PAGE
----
Great news! A few days ago, Uganda’s Anti-Homosexuality law was invalidated and deemed illegal by a Ugandan court, pleasing international and national human rights activists who have tirelessly campaigned for its removal.
Activists are rumoured to have erupted in cheers as the court ruled the law “null and void”, while various supporters of the law, including the prominent Christian cleric, Martin Ssempa prayed out loud and quoted verses of the bible that denounced homosexuality. As human rights activists and their supporters left the courtroom, they were met with huge numbers of anti-gay demonstrators, waving placards with anti-gay slogans, shouting insults and abuse.
So now what for Ugandan sexual minorities and their supporters in and outside of Uganda? Well simply put, their fate remains balanced on the edge of a knife. Current Ugandan law still criminalises homosexuality, which in affect means that those found guilty of disregarding the “order of nature” by partaking in a consensual same-sex relationship will still be arrested and charged – the Anti-Homosexual Bill was merely an extension of existing legislation in Uganda.
This is not the only reason why Ugandan sexual minorities and LGBTI activists should be worried. Ugandan lawmakers and religious leaders are already declaring that the reason why the law was invalidated was down to a “technicality”; and to a certain extent they have a point. The law was nullified not because it breached international human rights law – to which Uganda is a signatory, rather because the law was passed during a parliamentary session that lacked a quorum (the minimum amount of parliamentary members necessary to pass a law legally). In effect, what the court has done here is miss the perfect opportunity to resolve this issue – they should have used this opportunity to point out that the Anti-Homosexual Act is both immoral and unjustifiable; instead they have just postponed the debate until another day. Although it should be noted that those who were arrested or who were being investigated by police on charges under this law have now gained their freedom, which is most certainly something to celebrate.
Nevertheless, just days after the court-ruling, members of Ugandan parliament rumoured to number in excess of one hundred have announced their support of a new Bill that is practically identical to the Anti-Homosexual Act. See below for a recent tweet courtesy of Parliament Watch (@pwatchug), showing some Ugandan MPs united in their fight against homosexuality. The headline of the picture being: ‘Mps are now holding hands and singing “we shall never allow Homosexuality” #AHA2014’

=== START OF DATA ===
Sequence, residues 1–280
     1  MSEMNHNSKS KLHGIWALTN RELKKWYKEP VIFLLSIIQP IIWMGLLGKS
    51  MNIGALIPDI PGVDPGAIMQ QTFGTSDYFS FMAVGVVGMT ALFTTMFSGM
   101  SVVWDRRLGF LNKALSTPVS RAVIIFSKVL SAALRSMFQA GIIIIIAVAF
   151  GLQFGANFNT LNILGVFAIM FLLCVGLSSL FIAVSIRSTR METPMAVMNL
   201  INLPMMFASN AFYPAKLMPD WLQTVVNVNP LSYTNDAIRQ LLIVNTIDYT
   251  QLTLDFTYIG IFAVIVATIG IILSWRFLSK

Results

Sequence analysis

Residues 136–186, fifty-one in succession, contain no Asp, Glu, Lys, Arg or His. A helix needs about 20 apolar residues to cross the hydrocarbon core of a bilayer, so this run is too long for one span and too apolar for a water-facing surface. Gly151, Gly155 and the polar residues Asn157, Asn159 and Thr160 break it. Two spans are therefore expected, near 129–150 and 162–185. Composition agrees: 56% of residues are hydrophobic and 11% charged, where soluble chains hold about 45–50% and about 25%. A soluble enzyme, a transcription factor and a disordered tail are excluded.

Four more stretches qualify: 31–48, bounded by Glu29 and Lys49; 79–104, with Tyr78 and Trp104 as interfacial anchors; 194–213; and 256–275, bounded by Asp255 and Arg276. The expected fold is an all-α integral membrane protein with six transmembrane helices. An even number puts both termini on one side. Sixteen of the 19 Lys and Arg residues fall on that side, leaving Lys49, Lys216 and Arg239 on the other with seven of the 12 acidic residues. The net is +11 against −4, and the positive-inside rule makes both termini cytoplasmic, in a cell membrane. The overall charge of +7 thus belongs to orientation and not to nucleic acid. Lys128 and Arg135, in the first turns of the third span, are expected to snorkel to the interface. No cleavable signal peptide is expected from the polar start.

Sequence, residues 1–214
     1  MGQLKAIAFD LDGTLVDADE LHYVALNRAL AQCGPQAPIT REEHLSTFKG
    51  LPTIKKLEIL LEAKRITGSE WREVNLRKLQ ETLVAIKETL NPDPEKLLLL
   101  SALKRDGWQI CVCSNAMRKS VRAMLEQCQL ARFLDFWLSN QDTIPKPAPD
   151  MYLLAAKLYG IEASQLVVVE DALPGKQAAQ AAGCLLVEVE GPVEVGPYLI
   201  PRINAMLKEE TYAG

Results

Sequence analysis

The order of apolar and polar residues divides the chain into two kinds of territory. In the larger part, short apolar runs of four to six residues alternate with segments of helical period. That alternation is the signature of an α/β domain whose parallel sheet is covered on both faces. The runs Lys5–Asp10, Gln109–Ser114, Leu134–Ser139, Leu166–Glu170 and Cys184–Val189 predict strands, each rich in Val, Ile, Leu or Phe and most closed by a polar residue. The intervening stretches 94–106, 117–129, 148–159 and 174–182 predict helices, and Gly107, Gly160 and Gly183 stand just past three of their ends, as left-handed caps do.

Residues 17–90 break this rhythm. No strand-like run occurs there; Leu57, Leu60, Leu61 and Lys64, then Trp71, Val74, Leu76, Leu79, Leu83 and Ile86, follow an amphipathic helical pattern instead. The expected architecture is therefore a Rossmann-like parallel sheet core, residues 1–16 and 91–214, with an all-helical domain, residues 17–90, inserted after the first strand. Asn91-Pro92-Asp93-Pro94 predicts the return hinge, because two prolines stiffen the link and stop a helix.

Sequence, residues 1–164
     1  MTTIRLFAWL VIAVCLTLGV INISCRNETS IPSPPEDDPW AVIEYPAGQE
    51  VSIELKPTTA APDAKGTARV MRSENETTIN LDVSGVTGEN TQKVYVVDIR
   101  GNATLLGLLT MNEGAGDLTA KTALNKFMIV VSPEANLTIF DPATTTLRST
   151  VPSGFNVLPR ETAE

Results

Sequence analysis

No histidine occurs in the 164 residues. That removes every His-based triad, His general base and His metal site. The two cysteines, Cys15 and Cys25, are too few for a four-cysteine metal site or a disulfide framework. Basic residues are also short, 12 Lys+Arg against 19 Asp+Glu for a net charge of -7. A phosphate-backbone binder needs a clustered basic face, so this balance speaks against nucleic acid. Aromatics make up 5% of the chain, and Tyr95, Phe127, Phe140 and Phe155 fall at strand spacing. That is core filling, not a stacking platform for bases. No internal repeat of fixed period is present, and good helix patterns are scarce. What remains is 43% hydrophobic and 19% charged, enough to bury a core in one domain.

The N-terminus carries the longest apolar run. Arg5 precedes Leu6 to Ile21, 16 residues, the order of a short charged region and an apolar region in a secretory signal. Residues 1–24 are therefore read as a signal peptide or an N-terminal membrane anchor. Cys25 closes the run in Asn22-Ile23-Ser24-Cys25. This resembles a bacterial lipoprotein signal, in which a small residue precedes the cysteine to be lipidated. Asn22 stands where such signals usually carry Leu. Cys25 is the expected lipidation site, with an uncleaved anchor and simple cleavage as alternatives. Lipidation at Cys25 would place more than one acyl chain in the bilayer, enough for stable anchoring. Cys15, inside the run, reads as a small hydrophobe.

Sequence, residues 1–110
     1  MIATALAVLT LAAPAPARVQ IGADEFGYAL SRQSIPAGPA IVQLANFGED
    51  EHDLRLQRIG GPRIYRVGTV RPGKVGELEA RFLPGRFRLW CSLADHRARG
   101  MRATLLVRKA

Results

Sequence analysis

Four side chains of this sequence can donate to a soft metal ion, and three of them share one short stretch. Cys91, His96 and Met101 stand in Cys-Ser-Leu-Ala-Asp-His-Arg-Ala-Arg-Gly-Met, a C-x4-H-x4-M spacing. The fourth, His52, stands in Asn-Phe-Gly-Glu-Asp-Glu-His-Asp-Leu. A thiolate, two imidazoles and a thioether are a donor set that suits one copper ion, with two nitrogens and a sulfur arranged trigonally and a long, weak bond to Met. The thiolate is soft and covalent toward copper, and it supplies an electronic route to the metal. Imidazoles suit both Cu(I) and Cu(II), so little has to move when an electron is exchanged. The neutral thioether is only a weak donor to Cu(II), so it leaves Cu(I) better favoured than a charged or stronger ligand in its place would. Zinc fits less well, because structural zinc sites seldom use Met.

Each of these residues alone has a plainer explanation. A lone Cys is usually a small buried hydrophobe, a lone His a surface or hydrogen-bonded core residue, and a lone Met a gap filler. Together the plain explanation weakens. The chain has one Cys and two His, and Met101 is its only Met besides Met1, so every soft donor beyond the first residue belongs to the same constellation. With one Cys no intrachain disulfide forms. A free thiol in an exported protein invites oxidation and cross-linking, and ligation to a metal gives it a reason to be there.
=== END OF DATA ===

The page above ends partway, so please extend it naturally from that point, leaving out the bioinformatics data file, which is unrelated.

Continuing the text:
The anti-gay feeling in Uganda is not only reserved for law makers and religious leaders; indeed, according to a recent Pew Poll, 79% of the Ugandan population believe homosexuality to be morally wrong, while The Guardian newspaper reported on April 2, 2014, that 30,000 Ugandans gathered for a celebration at a stadium in Kampala to “give thanks” to the president of Uganda for passing the anti-gay law in February of this year.
Human rights activists now have a lot to do in a very short time frame. Ugandan MPs that support a new Bill have vowed to pass it through parliament within the next three days, although this may be an impossible task given that it would mean having to suspend parliamentary rules – putting the new Bill at risk for another court challenge on procedural grounds.
Nonetheless, we who value human rights and equality have a responsibility to support sexual minorities in Uganda. It all begins with voicing our condemnation of anyone that regards LGBTI people as criminals, even if that person happens to live on a different continent.
Written by Callum Hunter